||Burke, Mick (1941-1975)|
||Wigan-born Mick Burke cut his climbing teeth in his mid-teens in the Langdale area of the nearby Lake District. But he was already leaning towards the stiffer challenges of the big mountains and it was in the Alps that he first came to prominence. He made an early ascent of the North Face of the Dru in 1964 followed by the Bonatti Pillar and second ascent of the American Direct on the Dru in 1965. The following year Burke was involved with the audacious but controversial rescue of two German climbers trapped high on the Dru which made world headlines. Following this, he made new alpine summer routes, and first winter ascents of established climbs which were influential in spurring on interest amongst British climbers in winter alpinism. He graduated to expeditioning, combining his mountaineering skills on Patagonia’s Cerro Torre in 1968, followed closely by big wall climbs in Yosemite where he made the first British ascent of El Capitan’s Nose with Rob Wood. Although hard climbs had been achieved in Yosemite previously, it was this ascent more than any other which really flagged up the growing international importance of the region to British climbers. Invitations to join Chris Bonington’s trips to Annapurna, South Face in 1970, and the South-West Face of Everest on 1972 followed. In between Burke also expeditioned to Baffin Island in 1971, where he began experimenting with filming climbing, shooting footage of some of the earliest big-wall explorations of the Arctic island’s awesome cliffs by Doug Scott’s team. By this time, Burke had developed skills in, and an affinity for, the moving image and was making his name as a climbing cameraman (Burke had moved to London in 1968 to train as a TV cameraman). After a bout of freelance filming he joined the BBC and covered many climbing-related events for them. This led to an invitation to join Bonington’s 1975 expedition to the SW Face of Everest. High on the mountain, Burke was paired with Martin Boysen and during their summit attempt, Boysen’s oxygen apparatus became faulty and he had to turn back. Burke audaciously decided to carry on solo, chasing after the lead pair of climbers, Peter Boardman and the Sherpa Pertemba, in order to gain unique footage of the final section of the climb. Burke met Boardman and Pertmeba coming down from their successful summit climb, not far from the top. Although the weather was closing in, Burke decided to carry on and disappeared into the clouds, never to be seen again. It is thought probable that he reached the top but may have fallen through a cornice on the descent.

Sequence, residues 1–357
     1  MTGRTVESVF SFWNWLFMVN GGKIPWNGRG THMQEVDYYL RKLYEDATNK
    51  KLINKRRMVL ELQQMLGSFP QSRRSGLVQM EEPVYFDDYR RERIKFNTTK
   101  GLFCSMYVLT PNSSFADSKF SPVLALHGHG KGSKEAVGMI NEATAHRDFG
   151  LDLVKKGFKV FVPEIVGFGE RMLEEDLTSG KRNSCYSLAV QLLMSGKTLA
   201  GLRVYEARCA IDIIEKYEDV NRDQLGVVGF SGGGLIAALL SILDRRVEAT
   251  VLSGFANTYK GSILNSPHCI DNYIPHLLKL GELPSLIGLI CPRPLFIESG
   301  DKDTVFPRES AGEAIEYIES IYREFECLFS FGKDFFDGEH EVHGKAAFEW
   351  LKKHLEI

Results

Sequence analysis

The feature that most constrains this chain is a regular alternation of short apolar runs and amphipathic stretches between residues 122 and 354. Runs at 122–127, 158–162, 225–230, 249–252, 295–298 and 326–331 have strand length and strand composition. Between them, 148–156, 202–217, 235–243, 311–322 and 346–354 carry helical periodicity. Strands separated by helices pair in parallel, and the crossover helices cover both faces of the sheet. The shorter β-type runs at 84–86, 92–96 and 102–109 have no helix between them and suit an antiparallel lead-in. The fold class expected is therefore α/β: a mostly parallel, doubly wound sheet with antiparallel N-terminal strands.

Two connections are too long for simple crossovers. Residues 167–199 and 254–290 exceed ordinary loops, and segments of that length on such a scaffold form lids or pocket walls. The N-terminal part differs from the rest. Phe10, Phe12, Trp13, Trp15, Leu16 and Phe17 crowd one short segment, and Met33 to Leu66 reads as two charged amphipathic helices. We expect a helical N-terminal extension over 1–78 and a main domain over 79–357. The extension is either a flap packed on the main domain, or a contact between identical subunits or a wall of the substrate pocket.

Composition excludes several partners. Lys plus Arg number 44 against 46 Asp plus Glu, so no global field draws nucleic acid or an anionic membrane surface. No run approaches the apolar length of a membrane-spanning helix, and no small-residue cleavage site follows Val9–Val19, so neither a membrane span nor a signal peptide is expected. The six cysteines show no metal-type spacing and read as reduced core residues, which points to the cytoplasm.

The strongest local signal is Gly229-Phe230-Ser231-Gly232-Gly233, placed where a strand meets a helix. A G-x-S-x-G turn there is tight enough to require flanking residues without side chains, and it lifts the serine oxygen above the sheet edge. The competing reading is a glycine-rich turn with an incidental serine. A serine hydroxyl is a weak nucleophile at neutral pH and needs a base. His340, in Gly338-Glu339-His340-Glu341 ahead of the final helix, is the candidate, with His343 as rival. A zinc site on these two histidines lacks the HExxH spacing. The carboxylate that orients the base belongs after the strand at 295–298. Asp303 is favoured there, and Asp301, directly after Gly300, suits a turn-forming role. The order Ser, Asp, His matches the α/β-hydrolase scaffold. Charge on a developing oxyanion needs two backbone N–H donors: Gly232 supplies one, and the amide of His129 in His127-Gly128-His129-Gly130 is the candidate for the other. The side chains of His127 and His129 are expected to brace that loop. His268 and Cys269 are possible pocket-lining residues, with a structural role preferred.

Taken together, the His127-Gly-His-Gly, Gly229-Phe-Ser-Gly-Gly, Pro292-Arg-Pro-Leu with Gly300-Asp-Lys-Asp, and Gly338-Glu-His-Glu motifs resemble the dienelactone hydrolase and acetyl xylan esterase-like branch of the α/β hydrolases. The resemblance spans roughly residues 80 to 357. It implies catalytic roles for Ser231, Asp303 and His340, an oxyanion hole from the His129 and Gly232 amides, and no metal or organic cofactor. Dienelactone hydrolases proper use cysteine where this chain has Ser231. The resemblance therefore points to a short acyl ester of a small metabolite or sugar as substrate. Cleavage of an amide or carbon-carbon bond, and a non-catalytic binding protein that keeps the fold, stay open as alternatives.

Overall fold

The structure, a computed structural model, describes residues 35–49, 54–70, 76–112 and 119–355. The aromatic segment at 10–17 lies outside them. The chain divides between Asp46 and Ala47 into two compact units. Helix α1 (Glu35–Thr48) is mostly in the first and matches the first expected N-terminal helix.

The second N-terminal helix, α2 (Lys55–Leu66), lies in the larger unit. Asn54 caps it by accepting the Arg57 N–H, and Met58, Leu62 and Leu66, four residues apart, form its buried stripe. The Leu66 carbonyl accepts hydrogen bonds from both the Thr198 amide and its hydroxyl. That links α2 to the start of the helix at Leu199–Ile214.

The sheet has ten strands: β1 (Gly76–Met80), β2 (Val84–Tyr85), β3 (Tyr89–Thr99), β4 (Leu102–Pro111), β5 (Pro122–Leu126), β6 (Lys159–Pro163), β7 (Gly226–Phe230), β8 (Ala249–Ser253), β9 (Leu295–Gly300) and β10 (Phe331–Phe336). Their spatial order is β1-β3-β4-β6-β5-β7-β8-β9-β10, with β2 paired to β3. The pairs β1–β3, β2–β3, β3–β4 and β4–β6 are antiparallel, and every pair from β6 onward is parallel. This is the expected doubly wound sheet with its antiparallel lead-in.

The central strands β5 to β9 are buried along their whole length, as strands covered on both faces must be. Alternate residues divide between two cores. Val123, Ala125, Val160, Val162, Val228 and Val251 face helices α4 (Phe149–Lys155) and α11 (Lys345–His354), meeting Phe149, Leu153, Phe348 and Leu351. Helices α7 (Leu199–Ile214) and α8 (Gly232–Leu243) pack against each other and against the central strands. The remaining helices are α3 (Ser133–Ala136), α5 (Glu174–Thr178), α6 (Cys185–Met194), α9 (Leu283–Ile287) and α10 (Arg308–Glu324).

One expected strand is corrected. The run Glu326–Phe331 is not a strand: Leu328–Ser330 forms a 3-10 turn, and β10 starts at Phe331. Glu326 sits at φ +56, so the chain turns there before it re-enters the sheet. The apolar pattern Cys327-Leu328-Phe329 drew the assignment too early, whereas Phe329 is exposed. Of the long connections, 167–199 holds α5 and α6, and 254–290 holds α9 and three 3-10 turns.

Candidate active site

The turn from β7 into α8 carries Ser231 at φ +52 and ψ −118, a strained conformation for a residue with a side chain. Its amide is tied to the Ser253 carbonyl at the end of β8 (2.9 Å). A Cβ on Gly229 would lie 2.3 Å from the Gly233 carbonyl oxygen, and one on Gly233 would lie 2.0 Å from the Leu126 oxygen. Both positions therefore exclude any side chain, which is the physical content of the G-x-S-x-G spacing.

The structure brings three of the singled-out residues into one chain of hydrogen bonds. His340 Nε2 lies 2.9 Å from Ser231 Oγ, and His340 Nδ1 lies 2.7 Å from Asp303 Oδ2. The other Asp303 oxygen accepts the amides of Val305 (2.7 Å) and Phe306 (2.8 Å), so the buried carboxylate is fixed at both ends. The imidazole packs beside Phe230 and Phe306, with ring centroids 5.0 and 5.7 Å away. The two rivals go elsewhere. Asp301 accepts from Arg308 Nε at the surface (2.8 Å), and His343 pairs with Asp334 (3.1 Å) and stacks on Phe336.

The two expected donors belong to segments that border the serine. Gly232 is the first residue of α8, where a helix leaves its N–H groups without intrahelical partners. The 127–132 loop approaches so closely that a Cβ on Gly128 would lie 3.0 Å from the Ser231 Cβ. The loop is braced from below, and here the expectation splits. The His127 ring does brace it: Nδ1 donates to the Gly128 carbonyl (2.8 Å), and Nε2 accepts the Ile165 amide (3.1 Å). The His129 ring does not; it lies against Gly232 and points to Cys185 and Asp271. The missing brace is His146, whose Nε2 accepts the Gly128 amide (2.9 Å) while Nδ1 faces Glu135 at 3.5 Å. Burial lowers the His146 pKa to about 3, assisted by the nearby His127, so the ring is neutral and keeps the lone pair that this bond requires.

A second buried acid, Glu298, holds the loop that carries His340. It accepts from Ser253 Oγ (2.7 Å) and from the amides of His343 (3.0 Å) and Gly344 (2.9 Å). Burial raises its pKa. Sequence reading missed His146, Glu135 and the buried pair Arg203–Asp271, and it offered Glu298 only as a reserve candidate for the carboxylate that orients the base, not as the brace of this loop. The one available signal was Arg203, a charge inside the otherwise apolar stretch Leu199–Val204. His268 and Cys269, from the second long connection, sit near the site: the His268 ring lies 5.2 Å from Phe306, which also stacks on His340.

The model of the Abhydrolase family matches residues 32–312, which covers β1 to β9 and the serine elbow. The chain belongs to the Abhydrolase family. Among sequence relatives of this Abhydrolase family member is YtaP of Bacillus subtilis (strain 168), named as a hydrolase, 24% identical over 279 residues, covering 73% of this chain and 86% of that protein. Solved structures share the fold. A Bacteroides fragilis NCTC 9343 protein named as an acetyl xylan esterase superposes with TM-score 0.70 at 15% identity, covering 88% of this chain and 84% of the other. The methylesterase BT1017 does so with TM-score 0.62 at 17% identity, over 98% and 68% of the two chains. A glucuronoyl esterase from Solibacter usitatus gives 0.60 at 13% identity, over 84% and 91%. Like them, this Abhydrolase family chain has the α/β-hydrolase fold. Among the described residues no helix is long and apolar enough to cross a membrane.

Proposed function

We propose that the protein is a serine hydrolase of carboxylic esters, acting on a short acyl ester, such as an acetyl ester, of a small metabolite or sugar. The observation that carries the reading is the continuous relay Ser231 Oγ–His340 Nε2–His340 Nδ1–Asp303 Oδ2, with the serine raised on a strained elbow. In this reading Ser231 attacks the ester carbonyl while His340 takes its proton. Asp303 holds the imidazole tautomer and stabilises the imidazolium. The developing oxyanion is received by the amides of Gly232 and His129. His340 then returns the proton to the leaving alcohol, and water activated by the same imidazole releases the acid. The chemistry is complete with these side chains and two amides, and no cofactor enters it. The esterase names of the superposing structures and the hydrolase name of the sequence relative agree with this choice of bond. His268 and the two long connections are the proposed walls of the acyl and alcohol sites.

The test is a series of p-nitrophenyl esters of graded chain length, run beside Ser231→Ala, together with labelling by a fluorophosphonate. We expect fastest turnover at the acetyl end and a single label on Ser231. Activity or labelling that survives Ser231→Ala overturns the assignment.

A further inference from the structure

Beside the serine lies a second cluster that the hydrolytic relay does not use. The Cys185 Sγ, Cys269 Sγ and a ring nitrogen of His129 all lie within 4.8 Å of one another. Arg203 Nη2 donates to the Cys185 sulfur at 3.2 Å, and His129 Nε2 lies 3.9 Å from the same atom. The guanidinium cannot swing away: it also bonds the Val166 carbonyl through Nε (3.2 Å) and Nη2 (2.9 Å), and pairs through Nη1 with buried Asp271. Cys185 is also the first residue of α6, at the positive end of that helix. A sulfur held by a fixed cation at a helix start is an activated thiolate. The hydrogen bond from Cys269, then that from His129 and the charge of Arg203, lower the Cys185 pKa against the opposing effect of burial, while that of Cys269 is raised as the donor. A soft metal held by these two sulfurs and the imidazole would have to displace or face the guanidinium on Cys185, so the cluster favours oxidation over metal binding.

Further reading: Everest the Hard Way, Chris Bonington. Hodder, 1976.
||Biographical information is kindly supplied by Colin Wells.|
||Burke, Mick (1941-1975)
||328 : Tent